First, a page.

That was echoed by the Space Force commander on Friday, who noted that ever since the Gulf War in the early 1990s, the entire US military, from war planes to infantry, depend on space-based technology for navigation, communications and intelligence.
“There’s nothing we do... that doesn’t have space enabled in it every step of the way,” the general said.
The United States and Russia will have the chance to hold direct talks next week in Vienna, during their first meeting on space security since 2013.


Back to work: Jakarta lifts ban on sending workers to MENA

This picture taken on October 13, 2019 shows Indonesian migrant workers gathering near Victoria Park in Hong Kong. (AFP)
Updated 08 August 2020

Back to work: Jakarta lifts ban on sending workers to MENA

  • $260m revenue boost to accelerate Indonesia’s economic recovery amid pandemic

JAKARTA: After a four-month hiatus due to the coronavirus pandemic, Indonesia is set to send almost 90,000 migrant workers to overseas countries, including those in the Middle East and North African (MENA) region.

The move will deliver almost 3.8 trillion rupiahs ($260.8 million) in foreign remittances, officials said.

Migrant workers could begin leaving within weeks after the Manpower Ministry issued guidelines to conform with the country’s pandemic protocols.

“In order to boost the national economic recovery and considering that several countries have reopened to foreign workers, we think it is necessary to allow Indonesian migrant workers to work in destination countries, while complying with health protocols,” Manpower Minister Ida Fauziyah told a press conference.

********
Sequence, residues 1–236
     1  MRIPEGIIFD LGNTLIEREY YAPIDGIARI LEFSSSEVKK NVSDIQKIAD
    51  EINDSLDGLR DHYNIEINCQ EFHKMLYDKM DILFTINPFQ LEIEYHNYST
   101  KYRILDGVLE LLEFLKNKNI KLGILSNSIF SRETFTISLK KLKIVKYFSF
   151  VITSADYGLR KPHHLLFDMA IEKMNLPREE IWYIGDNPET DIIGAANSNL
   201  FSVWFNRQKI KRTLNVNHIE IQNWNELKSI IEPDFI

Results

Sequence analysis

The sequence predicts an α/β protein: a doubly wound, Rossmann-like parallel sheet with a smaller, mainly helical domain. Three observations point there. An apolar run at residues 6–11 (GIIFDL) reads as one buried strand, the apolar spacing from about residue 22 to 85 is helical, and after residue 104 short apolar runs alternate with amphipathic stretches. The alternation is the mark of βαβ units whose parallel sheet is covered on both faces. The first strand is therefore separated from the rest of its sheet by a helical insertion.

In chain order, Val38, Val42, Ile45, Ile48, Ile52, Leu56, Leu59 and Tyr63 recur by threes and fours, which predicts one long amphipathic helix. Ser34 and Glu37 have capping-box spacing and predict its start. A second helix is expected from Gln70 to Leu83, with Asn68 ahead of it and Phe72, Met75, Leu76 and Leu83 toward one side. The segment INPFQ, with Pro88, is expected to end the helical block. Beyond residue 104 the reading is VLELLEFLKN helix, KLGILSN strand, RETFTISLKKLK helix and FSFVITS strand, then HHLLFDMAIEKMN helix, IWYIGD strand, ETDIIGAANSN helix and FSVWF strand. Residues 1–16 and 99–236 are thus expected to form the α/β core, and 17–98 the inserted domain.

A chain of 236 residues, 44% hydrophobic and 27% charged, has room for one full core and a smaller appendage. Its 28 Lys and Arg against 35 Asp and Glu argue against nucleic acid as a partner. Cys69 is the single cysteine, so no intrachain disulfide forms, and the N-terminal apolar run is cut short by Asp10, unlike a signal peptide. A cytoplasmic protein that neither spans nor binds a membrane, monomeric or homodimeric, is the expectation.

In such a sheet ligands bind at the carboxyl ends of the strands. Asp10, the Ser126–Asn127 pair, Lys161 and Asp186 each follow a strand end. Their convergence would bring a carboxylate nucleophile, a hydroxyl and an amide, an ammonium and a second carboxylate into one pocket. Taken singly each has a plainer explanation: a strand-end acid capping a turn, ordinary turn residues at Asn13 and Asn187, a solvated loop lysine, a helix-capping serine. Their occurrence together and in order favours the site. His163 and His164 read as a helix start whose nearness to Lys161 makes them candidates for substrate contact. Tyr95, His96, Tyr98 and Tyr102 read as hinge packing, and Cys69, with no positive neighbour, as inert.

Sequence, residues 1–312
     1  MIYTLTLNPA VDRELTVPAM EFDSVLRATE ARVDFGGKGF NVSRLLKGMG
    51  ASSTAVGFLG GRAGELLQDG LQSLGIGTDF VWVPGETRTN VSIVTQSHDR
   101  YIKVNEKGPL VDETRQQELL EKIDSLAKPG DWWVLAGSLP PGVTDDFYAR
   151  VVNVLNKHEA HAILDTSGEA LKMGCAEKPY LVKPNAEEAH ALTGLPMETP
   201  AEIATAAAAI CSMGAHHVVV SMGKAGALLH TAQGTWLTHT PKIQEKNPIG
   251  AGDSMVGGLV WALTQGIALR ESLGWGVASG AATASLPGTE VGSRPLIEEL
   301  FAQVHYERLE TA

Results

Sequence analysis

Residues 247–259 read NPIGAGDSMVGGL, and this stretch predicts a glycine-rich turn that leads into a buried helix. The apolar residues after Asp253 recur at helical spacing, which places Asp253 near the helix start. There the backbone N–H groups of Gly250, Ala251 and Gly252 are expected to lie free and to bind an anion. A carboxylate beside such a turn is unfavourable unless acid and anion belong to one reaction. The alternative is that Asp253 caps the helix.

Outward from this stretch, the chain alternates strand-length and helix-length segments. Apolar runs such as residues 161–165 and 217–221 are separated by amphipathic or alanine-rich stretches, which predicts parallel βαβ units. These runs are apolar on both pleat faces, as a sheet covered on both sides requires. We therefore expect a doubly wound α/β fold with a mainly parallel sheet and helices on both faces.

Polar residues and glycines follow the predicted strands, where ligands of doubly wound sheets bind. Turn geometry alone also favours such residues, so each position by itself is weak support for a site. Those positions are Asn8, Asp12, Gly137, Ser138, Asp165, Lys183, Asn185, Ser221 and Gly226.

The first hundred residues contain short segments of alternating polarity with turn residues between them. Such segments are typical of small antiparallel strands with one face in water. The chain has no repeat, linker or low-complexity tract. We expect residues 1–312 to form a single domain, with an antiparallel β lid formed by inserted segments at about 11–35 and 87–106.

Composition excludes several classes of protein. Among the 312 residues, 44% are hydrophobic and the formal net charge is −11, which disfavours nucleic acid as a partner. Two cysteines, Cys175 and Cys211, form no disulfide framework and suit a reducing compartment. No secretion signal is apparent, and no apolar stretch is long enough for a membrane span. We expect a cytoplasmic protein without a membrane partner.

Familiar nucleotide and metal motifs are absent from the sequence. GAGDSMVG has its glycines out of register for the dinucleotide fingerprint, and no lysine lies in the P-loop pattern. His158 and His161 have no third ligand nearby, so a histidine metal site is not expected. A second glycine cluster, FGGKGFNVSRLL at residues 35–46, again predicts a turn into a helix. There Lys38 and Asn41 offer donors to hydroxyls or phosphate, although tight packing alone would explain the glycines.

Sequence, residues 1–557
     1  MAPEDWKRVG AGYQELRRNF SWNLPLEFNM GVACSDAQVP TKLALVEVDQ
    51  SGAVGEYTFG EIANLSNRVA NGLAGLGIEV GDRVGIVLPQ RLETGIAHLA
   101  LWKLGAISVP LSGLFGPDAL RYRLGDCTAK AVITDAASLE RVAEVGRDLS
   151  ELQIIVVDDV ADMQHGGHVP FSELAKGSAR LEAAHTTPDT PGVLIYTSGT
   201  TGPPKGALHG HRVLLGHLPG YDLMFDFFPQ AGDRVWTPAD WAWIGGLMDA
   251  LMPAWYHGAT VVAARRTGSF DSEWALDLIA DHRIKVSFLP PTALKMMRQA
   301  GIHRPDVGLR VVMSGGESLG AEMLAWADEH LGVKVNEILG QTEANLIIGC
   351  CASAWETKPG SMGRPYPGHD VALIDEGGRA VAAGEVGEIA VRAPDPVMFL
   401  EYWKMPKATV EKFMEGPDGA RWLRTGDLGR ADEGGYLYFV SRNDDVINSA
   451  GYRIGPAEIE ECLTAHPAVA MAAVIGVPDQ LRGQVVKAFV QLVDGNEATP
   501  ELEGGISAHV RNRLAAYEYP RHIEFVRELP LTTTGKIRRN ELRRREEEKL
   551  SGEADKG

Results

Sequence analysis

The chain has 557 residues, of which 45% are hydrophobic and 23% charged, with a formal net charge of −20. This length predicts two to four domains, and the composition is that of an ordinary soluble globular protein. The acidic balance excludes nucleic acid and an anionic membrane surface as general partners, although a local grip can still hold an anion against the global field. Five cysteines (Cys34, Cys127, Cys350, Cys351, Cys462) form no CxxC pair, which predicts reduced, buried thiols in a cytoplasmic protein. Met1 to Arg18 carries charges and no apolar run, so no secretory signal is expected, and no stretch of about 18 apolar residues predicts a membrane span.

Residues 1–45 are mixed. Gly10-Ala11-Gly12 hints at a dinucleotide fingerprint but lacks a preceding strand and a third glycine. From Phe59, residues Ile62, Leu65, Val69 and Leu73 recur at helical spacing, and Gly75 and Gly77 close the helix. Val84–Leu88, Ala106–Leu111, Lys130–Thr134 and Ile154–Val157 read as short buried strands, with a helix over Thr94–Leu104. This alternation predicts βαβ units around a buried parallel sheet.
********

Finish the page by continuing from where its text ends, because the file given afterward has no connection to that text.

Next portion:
She said migrant workers whose employment had been suspended in recent months could generate about 3.8 trillion rupiahs in revenue and their remittances could accelerate Indonesia’s economic recovery, especially in their hometowns and villages.

Fauziyah said the decision was made after consultation with domestic stakeholders and was based on updates from Indonesian embassies and trade missions abroad.

The government focused on 14 countries — Algeria, Australia, Hong Kong, South Korea, Kuwait, Maldives, Nigeria, the UAE, Poland, Qatar, Taiwan, Turkey, Zambia and Zimbabwe — that wanted to welcome foreign workers back, despite the pandemic.

“We appreciate the ministry’s decision to lift the suspension, even though the reopening is still only to several countries,” Kausar Tanjung, secretary-general of Indonesian Labor Exporters Association (APJATI), told Arab News.

Most APJATI members are exporters of domestic and informal workers, who make up more than half of the 88,973 migrant workers whose departures to 22 countries, including Saudi Arabia and the UAE, had been put on hold since March.

Ayub Basalamah, chairman of APJATI, said that it was time the March ministerial decree was revoked, adding that the association was “ready to comply with the health protocols in place” as part of the new rule.

The ministry said that Kuwait is willing to welcome workers from Indonesia in all formal sectors except health, while Algeria is opening its construction sector and Qatar its oil and gas sector. Indonesian workers in Turkey and the UAE will be allowed to work in the hospitality sector.

Placement of Indonesia’s migrant workers in the UAE is in line with a temporary travel corridor agreed between the two countries.

The agreement was announced last week to help business people, government officials and diplomats, and is based on a $22.9 billion investment deal signed during President Joko Widodo’s visit to Abu Dhabi in January this year.

The APJATI said it will send domestic workers with secure employment to Hong Kong and Taiwan soon, while neighboring countries such as Malaysia, Singapore and Brunei Darussalam remain closed to foreign workers in the informal sector.